(updated July 3rd 2010)
V1413 Aql (AS 338 & Hen 1737) is an eclipsing symbiotic system located at 19h 03m 46.8s +16d 26' 19" (2000.0). The maximum and minimum magnitudes are listed as 10.6-15.1V, and the eclipse period is 434.1 days.
The eclipsing and outbursting nature of this object was first noted by M. Wakuda , and reported in VSOLJ bulletin 5, 17, 1988 (1). He gave the following eclipse ephemeris
Min = JD 2445784 + 434 E
Further analysis by U.Munari (2) gave the following revised eclipse ephemeris
Min = JD 2446650 + 434.1 E
Munari concluded from Optical and UV Spectroscopy and Photometry that V1413 Aql was composed of an M5 star and a very hot compact star, resulting in a symbiotic nova type thermonuclear runaway, without a detectable mass ejection (2).
I began to monitor V1413 Aql following John Bortle's outburst announcement in 1995, and have kept it under observation ever since. Eclipses which occur during the first half of the year are near impossible for me to observe because of local obstructions, even in the pre-dawn sky.
The light curve for V1413 Aql also reveals intrinsic variation in the symbiotic system itself, fading from 11.0 in 1994 to a mean magnitude of 13.5 by 2005. V1413 Aql then began to rise slowly in brightness, reaching it's 1994 level by 2010.
The eclipses themselves are interesting to follow. Figure 1 shows the 1999 eclipse in some detail. According to my visual observations, the eclipse lasted a total of 71 days. Eclipse ingress took 22 days, and the egress 28 days - 21 days were spent in eclipse. The depth of the eclipse is just over 2 magnitudes deep. However the intrinsic brightness of V1413 Aql dictates how easy the eclipses are to follow. The 1997 eclipse for example dropped from magnitude 12.3-14.4, and was fairly easy to observe even with a 22cm telescope. The 1999 eclipse however faded from 13.0-15.2, and needed a larger telescope to confidently follow the whole eclipse event. To make matters worse, there is a close field star near to V1413 Aql at magnitude 13.1. The closeness of this star can cause problems when estimating the brightness of V1413 Aql with small telescopes around the 12.5-13.5 magnitude range.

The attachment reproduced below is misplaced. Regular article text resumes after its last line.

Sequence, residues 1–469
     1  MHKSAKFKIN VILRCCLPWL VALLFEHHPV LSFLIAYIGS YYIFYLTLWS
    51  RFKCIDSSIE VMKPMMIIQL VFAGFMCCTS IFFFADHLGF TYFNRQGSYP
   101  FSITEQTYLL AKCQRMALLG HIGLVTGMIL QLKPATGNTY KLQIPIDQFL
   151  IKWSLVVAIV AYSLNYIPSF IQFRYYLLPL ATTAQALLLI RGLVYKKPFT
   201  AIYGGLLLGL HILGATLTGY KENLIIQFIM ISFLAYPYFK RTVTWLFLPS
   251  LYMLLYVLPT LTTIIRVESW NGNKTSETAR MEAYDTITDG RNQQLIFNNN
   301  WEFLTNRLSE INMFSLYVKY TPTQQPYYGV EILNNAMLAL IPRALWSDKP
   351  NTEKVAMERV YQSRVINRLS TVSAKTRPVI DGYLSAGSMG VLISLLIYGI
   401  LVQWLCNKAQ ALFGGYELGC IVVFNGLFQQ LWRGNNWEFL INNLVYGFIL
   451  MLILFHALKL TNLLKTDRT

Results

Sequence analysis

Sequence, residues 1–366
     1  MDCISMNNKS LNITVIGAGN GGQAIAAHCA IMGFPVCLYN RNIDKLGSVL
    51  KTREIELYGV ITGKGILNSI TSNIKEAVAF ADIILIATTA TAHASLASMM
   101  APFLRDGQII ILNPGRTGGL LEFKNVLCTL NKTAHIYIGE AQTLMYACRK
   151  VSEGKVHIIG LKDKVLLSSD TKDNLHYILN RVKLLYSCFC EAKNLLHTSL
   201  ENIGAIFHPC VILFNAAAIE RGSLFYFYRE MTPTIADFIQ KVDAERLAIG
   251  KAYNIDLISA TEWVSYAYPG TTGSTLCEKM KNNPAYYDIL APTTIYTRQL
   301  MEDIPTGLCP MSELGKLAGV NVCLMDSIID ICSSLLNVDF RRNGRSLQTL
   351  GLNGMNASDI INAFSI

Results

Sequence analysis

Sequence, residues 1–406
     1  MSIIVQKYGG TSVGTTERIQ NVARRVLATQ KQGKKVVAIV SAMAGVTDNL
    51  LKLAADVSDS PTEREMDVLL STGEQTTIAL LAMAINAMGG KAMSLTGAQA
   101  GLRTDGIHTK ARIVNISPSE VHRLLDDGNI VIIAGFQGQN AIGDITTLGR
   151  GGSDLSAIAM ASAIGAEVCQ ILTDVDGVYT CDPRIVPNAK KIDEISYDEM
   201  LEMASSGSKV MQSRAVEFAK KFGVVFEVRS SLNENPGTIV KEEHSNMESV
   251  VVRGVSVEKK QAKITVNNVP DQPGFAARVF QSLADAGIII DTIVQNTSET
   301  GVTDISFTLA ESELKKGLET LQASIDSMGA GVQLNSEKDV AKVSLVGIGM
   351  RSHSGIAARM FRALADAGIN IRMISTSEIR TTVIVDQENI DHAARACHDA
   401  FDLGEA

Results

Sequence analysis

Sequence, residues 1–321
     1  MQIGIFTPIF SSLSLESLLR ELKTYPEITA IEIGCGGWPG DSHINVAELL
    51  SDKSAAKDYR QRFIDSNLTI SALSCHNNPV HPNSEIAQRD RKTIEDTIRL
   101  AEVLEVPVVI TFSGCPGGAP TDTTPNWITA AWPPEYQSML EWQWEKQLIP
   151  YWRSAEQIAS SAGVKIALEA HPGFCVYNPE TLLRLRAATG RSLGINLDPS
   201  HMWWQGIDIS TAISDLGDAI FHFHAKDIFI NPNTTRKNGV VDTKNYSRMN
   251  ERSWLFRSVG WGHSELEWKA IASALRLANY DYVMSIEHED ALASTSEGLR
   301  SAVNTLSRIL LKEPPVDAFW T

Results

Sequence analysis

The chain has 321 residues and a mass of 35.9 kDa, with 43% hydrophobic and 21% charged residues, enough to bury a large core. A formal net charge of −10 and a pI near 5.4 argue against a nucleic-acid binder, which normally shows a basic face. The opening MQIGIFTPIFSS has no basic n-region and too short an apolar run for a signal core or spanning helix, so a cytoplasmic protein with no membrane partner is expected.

Fig. 1: The 1999 eclipse.
Following Munari's ephemeris, the following dates for mid eclipse for future events are as follows...
July 23rd 2011
Sept. 29th 2012
December 7th 2013
February 14th 2015
If simply the eclipse is to be observed, then it is recommended that monitoring begins at least one month before the above dates!
V1413 Aql offers a rare chance to observe an eclipse in a symbiotic system over a reasonable period of time. The intrinsic variations of the system are also extremely interesting to follow, and as with all symbiotic systems, are unpredictable in their nature.
1: Kato. T. vsnet-alert Apr 11, 1997
2: Astronomy & Astrophysics. 257, 163, 1992)